For those of you who aren't too familiar with the NFL, chances are you have still heard of Atlanta Falcons quarterback Michael Vick.
Vick's superstar status has spread worldwide since he was drafted out of Virginia Tech in 2001, and that's why his fall from grace is all the more painful for football fans.
On Tuesday Vick pleaded guilty for his role in a sickening dogfighting ring which spread across several states in the US.
The charges will see him face jail time, possibly for up to five years behind bars.
And with the worldwide media coverage his case has been getting, you might be wondering - why should I care?
Here's why you should care
I can't think of a much worse scenario for such a high profile player.
The first draft pick in 2001, Vick was the face of the NFL - young and exciting with a great personality, hard-working mentality and freakish athleticism.
The things he can do on the field made people interested in the sport, and his arrival in Atlanta pulled the franchise out of the mire and gave fans something to cheer about.
The biggest reason the 27-year-old was such an instant hit in the NFL was his ability to break the mould of a traditional quarterback.
Vick is in no way a pocket passer, instead he can light up even the best defences with his mobility and quick feet.
He was the saviour for an entire sport, capturing imaginations around the world.
To put this into perspective, Vick was to the NFL what Dan Carter is to New Zealand rugby.
I can't even stand to imagine what a devastating blow it would be if Carter was ever in similar legal trouble.
Both players are leaders for their teams, and they serve as role models for young kids who look up to their heroes.
But Vick's actions have let down every football fan around the world, especially this sport journalist who is now too ashamed to wear his Atlanta No.7 jersey.
How much damage has Vick done?
Not only were his actions criminal, they were sickening, with reports Vick oversaw acquaintances fighting dogs to the death.
His cohorts also killed underperforming animals by shooting, drowning, hanging and slamming them to the ground.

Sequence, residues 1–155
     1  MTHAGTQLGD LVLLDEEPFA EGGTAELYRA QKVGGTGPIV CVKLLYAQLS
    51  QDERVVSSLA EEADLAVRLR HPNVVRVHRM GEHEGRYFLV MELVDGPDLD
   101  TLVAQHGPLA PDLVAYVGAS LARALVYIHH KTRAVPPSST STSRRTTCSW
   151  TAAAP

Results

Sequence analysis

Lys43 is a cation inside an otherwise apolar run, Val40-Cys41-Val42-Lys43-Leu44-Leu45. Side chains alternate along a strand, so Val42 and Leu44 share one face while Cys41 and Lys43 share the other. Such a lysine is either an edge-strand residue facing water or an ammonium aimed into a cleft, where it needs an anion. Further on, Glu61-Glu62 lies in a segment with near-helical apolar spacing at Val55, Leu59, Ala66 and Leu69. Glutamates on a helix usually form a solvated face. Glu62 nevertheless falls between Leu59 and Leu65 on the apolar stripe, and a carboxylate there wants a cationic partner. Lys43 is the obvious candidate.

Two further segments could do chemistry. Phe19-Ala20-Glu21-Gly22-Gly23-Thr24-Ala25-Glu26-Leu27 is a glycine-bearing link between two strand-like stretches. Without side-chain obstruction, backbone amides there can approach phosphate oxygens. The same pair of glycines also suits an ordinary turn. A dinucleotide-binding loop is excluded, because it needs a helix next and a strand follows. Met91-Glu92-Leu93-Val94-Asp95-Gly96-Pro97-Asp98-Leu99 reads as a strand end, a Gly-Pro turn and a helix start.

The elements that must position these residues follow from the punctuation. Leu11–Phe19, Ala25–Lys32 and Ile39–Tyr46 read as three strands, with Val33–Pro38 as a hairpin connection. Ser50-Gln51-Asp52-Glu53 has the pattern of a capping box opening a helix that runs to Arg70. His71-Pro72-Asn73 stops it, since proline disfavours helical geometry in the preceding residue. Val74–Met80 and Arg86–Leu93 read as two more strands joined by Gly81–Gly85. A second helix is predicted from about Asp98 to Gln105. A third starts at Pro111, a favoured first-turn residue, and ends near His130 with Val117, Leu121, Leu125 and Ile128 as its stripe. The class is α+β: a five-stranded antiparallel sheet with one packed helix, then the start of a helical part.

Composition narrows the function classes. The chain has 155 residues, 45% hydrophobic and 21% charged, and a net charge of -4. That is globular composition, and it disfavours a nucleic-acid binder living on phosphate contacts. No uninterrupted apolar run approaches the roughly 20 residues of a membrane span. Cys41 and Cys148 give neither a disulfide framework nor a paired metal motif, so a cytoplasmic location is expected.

The startling revelations aren't likely to put fans off the sport, but they will tarnish the NFL's reputation.
Not to mention the hurt he has caused his most avid fans that have followed him throughout his career.
The question is, why would a young star with so much talent and success make such a reprehensible mistake?
Well, this may be a problem such a huge competition like the NFL will always have.
With stars earning millions and millions of dollars each year, there are always going to be a select few who let the money take them over.
Will he be back?
It depends how long he is in jail.
The American public are quick to forgive their fallen stars, and love a good comeback story.
If Vick gets around 12 months behind bars, as is expected, he will still be in top physical shape to re-enter the NFL.
Whether any team will want him will be a different story.
For mine, there's no way he can go back to Atlanta, the franchise must completely wash its hands of the star.
But I am positive that at least one team would be prepared to take a punt on him despite his history, I mean look at wide receiver Terrell Owens.
It was widely known what problems Owens had with past teams, but his talent was enough to entice the Dallas Cowboys to sign him after a public spat with the Philadelphia Eagles saw him released.
I hope for the sake of the NFL and its fans worldwide we see Vick back.
He has the chance to atone for his mistakes, and that can only be good for the sport.